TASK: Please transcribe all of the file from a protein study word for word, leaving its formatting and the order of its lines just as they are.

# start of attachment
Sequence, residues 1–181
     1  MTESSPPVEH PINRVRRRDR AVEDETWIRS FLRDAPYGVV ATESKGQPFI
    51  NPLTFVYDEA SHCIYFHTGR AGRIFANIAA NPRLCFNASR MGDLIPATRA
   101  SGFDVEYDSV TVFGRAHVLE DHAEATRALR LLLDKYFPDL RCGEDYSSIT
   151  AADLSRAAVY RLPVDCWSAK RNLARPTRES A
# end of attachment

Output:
Sequence, residues 1–181
     1  MTESSPPVEH PINRVRRRDR AVEDETWIRS FLRDAPYGVV ATESKGQPFI
    51  NPLTFVYDEA SHCIYFHTGR AGRIFANIAA NPRLCFNASR MGDLIPATRA
   101  SGFDVEYDSV TVFGRAHVLE DHAEATRALR LLLDKYFPDL RCGEDYSSIT
   151  AADLSRAAVY RLPVDCWSAK RNLARPTRES A